# Dynamics Questions // Elastic Collision with different Vo

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1. Feb 17, 2017

### sunnnystrong

1. The problem statement, all variables and given/known data

A 2.3 kg object traveling at 6.1 m/s collides head-on with a 3.5 kg object traveling in the opposite direction at 4.8 m/s. If the collisions is perfectly elastic, what is the final speed of the 2.3 kg object?

2. Relevant equations

Conservation of Energy:
1/2 m*vi^2 = 1/2 m*vf^2

Conservation of Momentum:
Pix = Pfx

3. The attempt at a solution

Pix For 2.3 kg Object
(2.3kg)(6.1m/s) = (2.3kg)(Vf2) + (3.5kg)(Vf1)

Solving for Vf1 -->
[14.03 Ns - (2.3kg)(Vf2)]/3.5kg = Vf1

KE
1/2(2.3kg)(6.1m/s)^2 = 1/2(2.3kg)(Vf1)^2 + 1/2(3.8kg)(Vf2)^2
42.7915 = 1.15(Vf1)^2 + 1.9(Vf2)^2

Plugging in Vf1
42.7915 = 1.15(0.431837(Vf2)^2-5.26841Vf2 + 16.0686) + 1.9(Vf2)^2
Simplify and you get a quadratic:
0=2.39661 (Vf2)^2 - 6.05867 (Vf2) -24.3126
Solve for Vf2 = 4.69 m/s

Plug back into:
[14.03 Ns - (2.3kg)(Vf2)]/3.5kg = Vf1

Solve for Vf1 = 0.96m/s (which is definitely wrong)

I'm really confused & not sure how to solve for Vf1?

2. Feb 17, 2017

### Staff: Mentor

Total momentum of the system is conserved. Don't forget the initial momentum of the other mass. (Careful with signs!)

3. Feb 17, 2017

### sunnnystrong

So going back -->
(2.3kg)(6.1m/s) + (3.5kg)(-4.8m/s) = (2.3kg)(Vf2) + (3.5kg)(Vf1)
Solve for Vf1 :
Vf1 = (-2.77Ns -2.3kg(Vf2))/(3.5kg)
Square it for later use:
0.431837(Vf2)^2 + 1.04016(Vf2) + .6264 = (Vf1)^2

Looking at total system -->
1/2(2.3kg)(6.1m/s)^2 + 1/2(3.5kg)(-4.8m/s)^2 = 1/2(2.3kg)(Vf1)^2 + 1/2(3.8kg)(Vf2)^2
Simplify this:
42.7915+40.32 = 1.15(Vf1)^2 + 1.9(Vf2)^2
Plug in again you get a quadratic:
83.1115 = 1.15(0.431837(Vf2)^2 + 1.04016(Vf2) + .6264) + 1.9(Vf2)^2
Solve
Vf2 = 5.62 m/s :((
I'm confused because the answer is 6.6m/s

4. Feb 17, 2017

### sunnnystrong

Do you think you could show me how to set it up?

5. Feb 17, 2017

### Staff: Mentor

Your set up looks good to me. (Now that you've corrected the momentum equation.) I didn't check all the steps you did, but if you're getting a different answer than expected double check your arithmetic.

6. Feb 17, 2017

### sunnnystrong

I'm not sure anymore. i went through and combed through my work & can't find where i went wrong.

If you have time, could you look at my last response? I'd really appreciate it as my teacher is useless haha

7. Feb 17, 2017

### TomHart

You used 3.8 kg instead of 3.5 kg. I don't know if that will solve all of your problem, but it is at least part of it.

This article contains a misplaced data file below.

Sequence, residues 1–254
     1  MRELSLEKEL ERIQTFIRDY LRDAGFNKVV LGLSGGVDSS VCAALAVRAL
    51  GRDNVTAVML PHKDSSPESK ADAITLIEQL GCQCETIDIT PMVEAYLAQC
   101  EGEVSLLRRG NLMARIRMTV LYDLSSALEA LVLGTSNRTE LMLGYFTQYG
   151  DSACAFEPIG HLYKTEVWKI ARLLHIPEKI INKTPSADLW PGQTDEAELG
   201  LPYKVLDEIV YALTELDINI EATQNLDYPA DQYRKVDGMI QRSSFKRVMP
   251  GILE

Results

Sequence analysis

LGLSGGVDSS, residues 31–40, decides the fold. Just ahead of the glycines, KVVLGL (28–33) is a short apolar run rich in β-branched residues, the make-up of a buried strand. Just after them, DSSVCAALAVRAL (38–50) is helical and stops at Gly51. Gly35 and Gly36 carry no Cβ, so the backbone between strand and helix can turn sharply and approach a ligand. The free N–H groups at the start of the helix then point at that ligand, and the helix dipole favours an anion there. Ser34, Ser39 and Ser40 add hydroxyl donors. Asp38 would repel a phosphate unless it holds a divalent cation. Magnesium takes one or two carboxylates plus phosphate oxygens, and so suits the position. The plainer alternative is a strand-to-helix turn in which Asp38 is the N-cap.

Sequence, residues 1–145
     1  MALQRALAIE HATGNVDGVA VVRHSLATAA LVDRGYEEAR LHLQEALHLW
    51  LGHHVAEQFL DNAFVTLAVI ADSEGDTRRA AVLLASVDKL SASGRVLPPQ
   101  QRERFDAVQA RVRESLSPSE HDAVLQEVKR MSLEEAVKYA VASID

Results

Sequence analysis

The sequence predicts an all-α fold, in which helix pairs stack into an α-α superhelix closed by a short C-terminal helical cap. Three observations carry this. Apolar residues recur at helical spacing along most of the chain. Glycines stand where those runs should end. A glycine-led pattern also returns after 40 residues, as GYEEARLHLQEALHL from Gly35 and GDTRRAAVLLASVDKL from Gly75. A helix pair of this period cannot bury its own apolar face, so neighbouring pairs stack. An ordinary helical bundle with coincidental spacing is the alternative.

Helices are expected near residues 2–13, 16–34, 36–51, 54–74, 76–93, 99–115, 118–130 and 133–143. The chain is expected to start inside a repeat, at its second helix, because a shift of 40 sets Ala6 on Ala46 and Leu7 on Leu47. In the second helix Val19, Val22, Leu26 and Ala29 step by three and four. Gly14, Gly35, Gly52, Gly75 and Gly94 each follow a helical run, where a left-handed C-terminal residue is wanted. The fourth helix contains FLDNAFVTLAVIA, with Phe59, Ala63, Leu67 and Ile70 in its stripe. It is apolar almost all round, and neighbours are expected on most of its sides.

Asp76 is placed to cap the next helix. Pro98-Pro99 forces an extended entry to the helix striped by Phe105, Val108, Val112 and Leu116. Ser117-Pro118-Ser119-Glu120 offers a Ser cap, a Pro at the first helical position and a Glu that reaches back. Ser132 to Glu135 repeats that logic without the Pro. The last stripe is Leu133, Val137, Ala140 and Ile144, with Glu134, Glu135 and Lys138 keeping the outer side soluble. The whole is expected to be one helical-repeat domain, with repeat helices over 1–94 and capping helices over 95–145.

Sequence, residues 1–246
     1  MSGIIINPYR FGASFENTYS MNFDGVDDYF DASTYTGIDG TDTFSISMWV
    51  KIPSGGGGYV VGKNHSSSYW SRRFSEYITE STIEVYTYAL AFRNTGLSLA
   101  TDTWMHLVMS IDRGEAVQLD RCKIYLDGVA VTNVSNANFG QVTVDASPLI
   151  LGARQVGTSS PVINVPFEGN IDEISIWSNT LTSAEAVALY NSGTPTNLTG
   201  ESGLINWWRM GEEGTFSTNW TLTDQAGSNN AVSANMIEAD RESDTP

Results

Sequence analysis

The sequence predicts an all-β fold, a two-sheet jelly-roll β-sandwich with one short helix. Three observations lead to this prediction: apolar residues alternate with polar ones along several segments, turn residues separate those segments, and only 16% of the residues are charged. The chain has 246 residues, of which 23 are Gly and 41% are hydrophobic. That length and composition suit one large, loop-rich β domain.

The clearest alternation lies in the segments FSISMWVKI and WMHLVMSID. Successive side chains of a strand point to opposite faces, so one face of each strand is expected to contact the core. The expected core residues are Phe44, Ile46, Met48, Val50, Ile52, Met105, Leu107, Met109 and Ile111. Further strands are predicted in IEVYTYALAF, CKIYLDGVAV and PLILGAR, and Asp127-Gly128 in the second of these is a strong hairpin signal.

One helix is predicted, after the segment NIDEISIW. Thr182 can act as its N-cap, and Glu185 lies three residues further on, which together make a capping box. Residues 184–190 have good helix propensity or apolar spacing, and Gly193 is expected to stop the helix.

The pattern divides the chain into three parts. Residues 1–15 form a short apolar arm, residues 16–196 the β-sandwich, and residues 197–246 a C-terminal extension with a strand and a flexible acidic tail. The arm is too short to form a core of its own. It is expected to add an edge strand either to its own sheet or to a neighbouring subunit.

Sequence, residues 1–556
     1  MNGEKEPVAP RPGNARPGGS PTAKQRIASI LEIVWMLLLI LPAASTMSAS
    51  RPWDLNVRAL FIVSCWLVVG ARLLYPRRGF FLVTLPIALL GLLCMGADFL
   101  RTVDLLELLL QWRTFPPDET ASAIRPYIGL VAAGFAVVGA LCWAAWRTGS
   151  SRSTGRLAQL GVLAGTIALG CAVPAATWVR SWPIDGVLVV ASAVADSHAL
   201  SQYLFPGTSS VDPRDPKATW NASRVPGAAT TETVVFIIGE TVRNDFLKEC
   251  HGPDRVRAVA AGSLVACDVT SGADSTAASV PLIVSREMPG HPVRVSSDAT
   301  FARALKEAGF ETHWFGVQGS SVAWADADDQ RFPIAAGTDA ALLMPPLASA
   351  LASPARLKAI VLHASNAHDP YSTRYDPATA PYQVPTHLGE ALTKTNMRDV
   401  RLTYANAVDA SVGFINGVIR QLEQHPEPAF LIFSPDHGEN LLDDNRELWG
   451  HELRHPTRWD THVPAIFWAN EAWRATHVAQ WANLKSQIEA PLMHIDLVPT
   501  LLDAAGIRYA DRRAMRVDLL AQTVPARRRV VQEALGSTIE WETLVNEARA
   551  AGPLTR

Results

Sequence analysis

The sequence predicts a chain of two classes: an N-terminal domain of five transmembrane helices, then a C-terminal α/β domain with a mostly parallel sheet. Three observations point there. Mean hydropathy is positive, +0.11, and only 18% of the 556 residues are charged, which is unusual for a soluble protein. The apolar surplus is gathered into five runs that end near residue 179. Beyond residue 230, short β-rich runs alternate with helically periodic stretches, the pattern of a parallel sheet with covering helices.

8. Feb 17, 2017

### sunnnystrong

I went back and did it carefully in my notebook but this time got 9m/s which is also wrong XD
at this point i just don't know what went wrong... do you have any ideas? does my set up look right?

9. Feb 17, 2017

### TomHart

When I work these perfectly elastic collision problems, it is easy for me to make a mistake. But what I got for an answer was as follows:
The 2.3 kg object initially had a velocity of +6.1 m/s. Its final velocity is -7.055 m/s.
The 3.5 kg object initially had a velocity of -4.8 m/s. Its final velocity is 3.845 m/s.

But like I said, it is easy for me to make mistakes because of the numerous math steps involved.

I thought your set-up looked right. I will try to go through your solution to see if I can find the problem.

10. Feb 17, 2017

### sunnnystrong

I'd really appreciate it. this is for my exam on tuesday. This problem & another one has been causing me troubles haha.
I used the same process throughout ^^ However if some of my numbers are weird above ignore those as i went through and did it again and got an answer around 9m/s for the car.

11. Feb 17, 2017

### Staff: Mentor

12. Feb 17, 2017

### TomHart

It looks like in the first equation you have the 3.5 kg object's velocity defined as Vf1, and in the second equation you have the 2.3 kg object defined as Vf1. That could be causing a problem.

13. Feb 17, 2017

### sunnnystrong

I will go back and find my math error because I set it up right ^^^ but made a mistake

14. Feb 18, 2017

### haruspex

In perfectly elastic collisions there is a shortcut that can avoid quadratics.
Newton's experimental law says that for two given materials (not necessarily perfectly elastic) in a straight line collision the relative velocity afterwards is -R times the initial relative velocity, where R is a constant (coefficient of restitution) depending only on the materials. For a perfectly elastic collision R=1.
Thus, in the present problem, you could write down that the relative velocity after the collision is 6.1+4.8=10.9 m/s (but reversed). Combining that with conservation of momentum gives you the answer without any quadratics.
The law, for the perfectly elastic case, can be deduced fromconservation of energy and momentum.

15. Feb 18, 2017